The charter, for a sensible reason, provides that such a claim must be made, arbitrated, and decided before redelivery is effected. The reason is to achieve a basic objective of the redelivery provisions that, before redelivery, all repairs for which the charterer is responsible, if any, be determined by agreement of surveyors from both parties or by arbitration of any dispute. This objective recognizes the importance of establishing at the time of redelivery the then condition of the vessel rather than to delay this determination to some later date when the condition of the vessel will have been changed by operations of the owner, or of new charterers, or by the mere passage of time. It is the condition of the vessel at the time of redelivery which is relevant in determining whether the charterer is responsible for making repairs.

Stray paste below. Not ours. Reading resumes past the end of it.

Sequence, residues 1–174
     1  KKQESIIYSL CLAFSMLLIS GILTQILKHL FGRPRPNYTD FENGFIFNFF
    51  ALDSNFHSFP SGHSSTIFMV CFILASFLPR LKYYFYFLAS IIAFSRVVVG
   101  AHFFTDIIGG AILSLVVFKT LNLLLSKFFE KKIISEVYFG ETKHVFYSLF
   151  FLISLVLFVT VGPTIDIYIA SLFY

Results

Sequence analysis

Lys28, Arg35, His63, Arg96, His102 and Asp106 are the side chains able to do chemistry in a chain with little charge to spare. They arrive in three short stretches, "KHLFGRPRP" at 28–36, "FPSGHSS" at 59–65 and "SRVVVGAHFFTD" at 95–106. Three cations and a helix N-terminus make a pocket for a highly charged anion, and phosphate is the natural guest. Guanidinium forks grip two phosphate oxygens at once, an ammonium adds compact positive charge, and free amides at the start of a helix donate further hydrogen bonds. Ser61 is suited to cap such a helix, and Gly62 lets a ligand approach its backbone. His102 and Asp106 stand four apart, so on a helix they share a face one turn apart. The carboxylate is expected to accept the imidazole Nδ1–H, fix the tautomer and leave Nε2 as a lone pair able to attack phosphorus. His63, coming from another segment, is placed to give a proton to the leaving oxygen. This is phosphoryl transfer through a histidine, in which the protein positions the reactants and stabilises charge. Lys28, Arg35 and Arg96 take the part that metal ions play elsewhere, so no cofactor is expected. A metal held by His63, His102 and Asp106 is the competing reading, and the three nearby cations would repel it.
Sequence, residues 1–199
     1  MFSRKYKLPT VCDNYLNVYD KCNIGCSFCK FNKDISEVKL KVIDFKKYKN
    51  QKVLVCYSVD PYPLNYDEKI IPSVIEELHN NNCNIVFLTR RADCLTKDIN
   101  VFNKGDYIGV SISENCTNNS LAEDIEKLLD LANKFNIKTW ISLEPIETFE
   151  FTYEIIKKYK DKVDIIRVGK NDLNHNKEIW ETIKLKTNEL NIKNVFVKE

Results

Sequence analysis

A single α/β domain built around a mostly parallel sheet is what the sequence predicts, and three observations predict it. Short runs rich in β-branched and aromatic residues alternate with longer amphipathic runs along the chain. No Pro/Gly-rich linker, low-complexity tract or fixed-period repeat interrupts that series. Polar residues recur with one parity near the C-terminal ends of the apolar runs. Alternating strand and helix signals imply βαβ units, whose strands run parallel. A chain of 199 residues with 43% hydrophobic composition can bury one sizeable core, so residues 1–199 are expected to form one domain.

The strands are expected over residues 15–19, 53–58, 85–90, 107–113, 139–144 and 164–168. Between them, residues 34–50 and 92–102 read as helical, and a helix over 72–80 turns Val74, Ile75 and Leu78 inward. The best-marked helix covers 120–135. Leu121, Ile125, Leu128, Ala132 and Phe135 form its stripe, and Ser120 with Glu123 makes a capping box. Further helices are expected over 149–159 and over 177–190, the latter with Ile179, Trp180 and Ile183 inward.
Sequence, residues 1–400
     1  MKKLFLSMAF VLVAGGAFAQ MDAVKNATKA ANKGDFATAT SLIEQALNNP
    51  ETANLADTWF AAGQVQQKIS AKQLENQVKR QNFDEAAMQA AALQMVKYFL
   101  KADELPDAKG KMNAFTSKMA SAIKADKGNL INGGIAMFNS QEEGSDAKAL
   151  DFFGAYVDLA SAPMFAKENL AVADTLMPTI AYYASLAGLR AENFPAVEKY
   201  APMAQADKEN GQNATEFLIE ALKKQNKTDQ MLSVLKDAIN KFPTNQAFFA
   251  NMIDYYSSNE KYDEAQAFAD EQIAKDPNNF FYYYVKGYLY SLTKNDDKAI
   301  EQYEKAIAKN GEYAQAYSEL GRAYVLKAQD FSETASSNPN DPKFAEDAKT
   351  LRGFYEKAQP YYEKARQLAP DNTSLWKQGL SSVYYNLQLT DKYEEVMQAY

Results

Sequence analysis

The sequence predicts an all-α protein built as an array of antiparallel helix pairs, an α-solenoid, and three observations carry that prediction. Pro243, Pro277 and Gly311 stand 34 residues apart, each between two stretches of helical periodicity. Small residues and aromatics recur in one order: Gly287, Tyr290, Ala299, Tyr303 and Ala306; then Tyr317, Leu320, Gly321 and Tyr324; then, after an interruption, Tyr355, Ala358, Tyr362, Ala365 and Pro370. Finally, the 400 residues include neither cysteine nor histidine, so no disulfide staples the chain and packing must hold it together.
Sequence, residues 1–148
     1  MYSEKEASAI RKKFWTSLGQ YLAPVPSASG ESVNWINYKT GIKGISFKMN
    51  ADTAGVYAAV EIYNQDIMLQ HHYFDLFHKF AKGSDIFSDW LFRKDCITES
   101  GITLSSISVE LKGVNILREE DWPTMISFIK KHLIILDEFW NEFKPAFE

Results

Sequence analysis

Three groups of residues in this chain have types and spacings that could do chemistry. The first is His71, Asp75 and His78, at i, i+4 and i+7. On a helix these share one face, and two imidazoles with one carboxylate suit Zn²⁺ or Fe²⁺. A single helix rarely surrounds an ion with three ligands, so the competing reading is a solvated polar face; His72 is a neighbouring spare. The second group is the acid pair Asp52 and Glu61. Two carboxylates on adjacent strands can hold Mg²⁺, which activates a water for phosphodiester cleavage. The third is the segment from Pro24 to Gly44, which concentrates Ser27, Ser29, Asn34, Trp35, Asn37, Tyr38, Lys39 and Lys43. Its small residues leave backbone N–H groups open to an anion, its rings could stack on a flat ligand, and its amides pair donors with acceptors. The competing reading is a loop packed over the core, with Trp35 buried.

To reinforce the requirement that the condition of the vessel must be agreed upon or arbitrated before there is redelivery, it is also provided in the contract that an adequate opportunity be given to the owner to inspect the vessel when tendered for redelivery and that acceptance by the owner of the vessel thereafter is "conclusive evidence" that the charterer has complied with all of its obligations "with respect to the vessel's class and condition at the time of redelivery". Thus, by the terms of the charter, no claim can be made by Prudential after redelivery--either in arbitration, in litigation, or otherwise--based on the condition of the vessel when redelivered.